4. Chris Waigl said,

    July 26, 2011 @ 1:46 pm

    I've come to the point that I'd appreciate a Like button on blog comments (Oh, no!) for Barbara Partee's comment. (As an aside, another initialism that's not quite right for either English or French – a nice idea to share the not-quite-rightness – is "UTC".)

    Thanks, Mark, for the dispatch from France. Also, if "EFL" may feel slightly tortured, "labex" on the other hand is such a typical French way of clipping an overlong institutional name.

  5. Ran Ari-Gur said,

    July 26, 2011 @ 1:46 pm

    @Dan T.: Even if we accept your position that the reason for these letter orders is to avoid offense — the rest of your comment makes no sense. You seem to assume that offense avoidance should be unidirectional: "If English-speakers seek to avoid offending the French, then why should the French seek to avoid offending English-speakers?" I guess I should therefore do my best to offend you, so as to prevent your offending me; so whereas my first instinct was to point that your assumption is far out of line with normal social interaction, I will instead just say that you must be a sociopath or an idiot.

  6. JFM said,

    July 26, 2011 @ 1:52 pm

    They could have gone with EFoL.

  7. J. W. Brewer said,

    July 26, 2011 @ 2:11 pm

    I couldn't come up with a good quick and dirty way to see if the French initialism FEL means something to Francophones as prominent as EFL might mean for Anglophones. But there's an interesting related question here raised by myl's note about the EFL people seeking grant proposals written in English. Different academic disciplines vary in terms of how English-focused they have become worldwide. My impression is that in some parts of the humanities (e.g. classics and philosophy; also theology and biblical scholarship) lots of scholarly articles and monographs are still being cranked out in French and German, with scholars at home in those languages not feeling obligated to publish in English if they want to have any impact outside their home countries. In physics and other hard sciences, by contrast, my impression is that these days French- and German- speaking researchers are more likely to feel the need to publish in English for maximum impact. So where is linguistics on that continuum? Has it reached the point where if you want a critical mass of other scholars to care about the really cool data you've discovered doing years of fieldwork on a language with only 300 speakers somewhere in the Amazon, you'd better publish your results in English?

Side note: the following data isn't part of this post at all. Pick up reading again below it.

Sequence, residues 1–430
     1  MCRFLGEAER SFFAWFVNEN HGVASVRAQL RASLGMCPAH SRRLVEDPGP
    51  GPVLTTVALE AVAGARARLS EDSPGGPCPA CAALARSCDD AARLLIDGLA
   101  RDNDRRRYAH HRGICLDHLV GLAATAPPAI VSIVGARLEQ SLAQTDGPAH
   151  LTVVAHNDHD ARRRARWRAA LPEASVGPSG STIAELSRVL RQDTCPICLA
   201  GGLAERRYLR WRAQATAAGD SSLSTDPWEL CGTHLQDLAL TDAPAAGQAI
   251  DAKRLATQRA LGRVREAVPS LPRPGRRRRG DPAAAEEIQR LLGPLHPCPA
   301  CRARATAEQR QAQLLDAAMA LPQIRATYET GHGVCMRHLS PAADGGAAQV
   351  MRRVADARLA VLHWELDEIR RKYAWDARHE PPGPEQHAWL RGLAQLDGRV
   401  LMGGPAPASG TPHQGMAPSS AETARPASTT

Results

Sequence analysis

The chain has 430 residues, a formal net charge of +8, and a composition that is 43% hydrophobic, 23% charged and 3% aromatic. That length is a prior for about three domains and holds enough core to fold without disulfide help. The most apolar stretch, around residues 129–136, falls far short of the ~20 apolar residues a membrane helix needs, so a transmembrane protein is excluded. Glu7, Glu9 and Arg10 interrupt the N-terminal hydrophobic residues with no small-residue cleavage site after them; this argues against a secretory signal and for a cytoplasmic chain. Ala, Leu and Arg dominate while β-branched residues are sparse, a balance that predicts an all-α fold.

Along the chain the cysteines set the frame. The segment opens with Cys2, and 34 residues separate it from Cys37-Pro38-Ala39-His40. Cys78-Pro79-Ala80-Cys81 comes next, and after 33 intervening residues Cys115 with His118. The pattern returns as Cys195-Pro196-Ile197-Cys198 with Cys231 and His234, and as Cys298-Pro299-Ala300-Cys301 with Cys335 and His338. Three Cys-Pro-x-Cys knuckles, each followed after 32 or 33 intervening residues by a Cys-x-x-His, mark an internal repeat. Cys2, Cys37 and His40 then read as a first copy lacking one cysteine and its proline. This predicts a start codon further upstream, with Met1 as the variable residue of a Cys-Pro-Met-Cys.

8. Mark Liberman said,

    July 26, 2011 @ 2:30 pm

    @J.W. Brewer: "… myl's note about the EFL people seeking grant proposals written in English."

    Actually, as I understand things, it was the MInistère de l’Enseignement supérieur et de la Recherche ("Ministry of Higher Education and Research") who encouraged the use of English in the proposals for this large nation-wide program. English-language proposals may have been preferred because of the need to recruit experts from other countries to judge the submissions.

  9. John Roth said,

    July 26, 2011 @ 6:21 pm

    I've always heard it as ESL – English as a second language. EFL is a new acronym for me. A quick Google shows approximately 93 million hits on ESL; only one of the first page hits is not for English as a second language (it's the Eighth Street Lounge.) It shows approximately 18 million hits for EFL, split 4 for English as a Foreign Language and 5 for several others. So for a first approximation ESL is about ten times as frequent as EFL. I wouldn't think there would be all that much confusion.

  10. J Lee said,

    July 27, 2011 @ 12:13 am

    @ John Roth

    i believe EFL refers more specifically to the teaching of English as a second language while physically in non-English-speaking countries.